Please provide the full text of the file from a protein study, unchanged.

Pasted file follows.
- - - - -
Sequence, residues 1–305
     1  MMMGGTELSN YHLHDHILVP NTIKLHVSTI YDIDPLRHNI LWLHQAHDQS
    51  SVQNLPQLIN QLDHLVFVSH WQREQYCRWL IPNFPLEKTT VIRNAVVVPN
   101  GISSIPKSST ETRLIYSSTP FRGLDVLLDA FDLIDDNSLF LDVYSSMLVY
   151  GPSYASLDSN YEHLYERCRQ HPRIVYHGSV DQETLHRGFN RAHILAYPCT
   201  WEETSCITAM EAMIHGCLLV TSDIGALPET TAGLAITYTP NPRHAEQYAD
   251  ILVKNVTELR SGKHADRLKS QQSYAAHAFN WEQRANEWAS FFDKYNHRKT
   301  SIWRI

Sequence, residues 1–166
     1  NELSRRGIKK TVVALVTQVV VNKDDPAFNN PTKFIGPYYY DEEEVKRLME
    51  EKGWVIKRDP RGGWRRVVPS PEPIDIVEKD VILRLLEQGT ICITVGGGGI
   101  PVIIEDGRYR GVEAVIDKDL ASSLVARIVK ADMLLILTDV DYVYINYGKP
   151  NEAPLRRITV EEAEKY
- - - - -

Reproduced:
Sequence, residues 1–305
     1  MMMGGTELSN YHLHDHILVP NTIKLHVSTI YDIDPLRHNI LWLHQAHDQS
    51  SVQNLPQLIN QLDHLVFVSH WQREQYCRWL IPNFPLEKTT VIRNAVVVPN
   101  GISSIPKSST ETRLIYSSTP FRGLDVLLDA FDLIDDNSLF LDVYSSMLVY
   151  GPSYASLDSN YEHLYERCRQ HPRIVYHGSV DQETLHRGFN RAHILAYPCT
   201  WEETSCITAM EAMIHGCLLV TSDIGALPET TAGLAITYTP NPRHAEQYAD
   251  ILVKNVTELR SGKHADRLKS QQSYAAHAFN WEQRANEWAS FFDKYNHRKT
   301  SIWRI

Sequence, residues 1–166
     1  NELSRRGIKK TVVALVTQVV VNKDDPAFNN PTKFIGPYYY DEEEVKRLME
    51  EKGWVIKRDP RGGWRRVVPS PEPIDIVEKD VILRLLEQGT ICITVGGGGI
   101  PVIIEDGRYR GVEAVIDKDL ASSLVARIVK ADMLLILTDV DYVYINYGKP
   151  NEAPLRRITV EEAEKY